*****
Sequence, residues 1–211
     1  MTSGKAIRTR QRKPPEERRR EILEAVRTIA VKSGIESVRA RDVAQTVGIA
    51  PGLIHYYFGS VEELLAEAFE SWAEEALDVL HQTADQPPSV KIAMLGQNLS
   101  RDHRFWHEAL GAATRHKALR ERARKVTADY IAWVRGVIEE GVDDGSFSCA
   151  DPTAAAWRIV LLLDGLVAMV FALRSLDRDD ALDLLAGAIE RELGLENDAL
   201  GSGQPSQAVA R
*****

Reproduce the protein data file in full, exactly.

Sequence, residues 1–211
     1  MTSGKAIRTR QRKPPEERRR EILEAVRTIA VKSGIESVRA RDVAQTVGIA
    51  PGLIHYYFGS VEELLAEAFE SWAEEALDVL HQTADQPPSV KIAMLGQNLS
   101  RDHRFWHEAL GAATRHKALR ERARKVTADY IAWVRGVIEE GVDDGSFSCA
   151  DPTAAAWRIV LLLDGLVAMV FALRSLDRDD ALDLLAGAIE RELGLENDAL
   201  GSGQPSQAVA R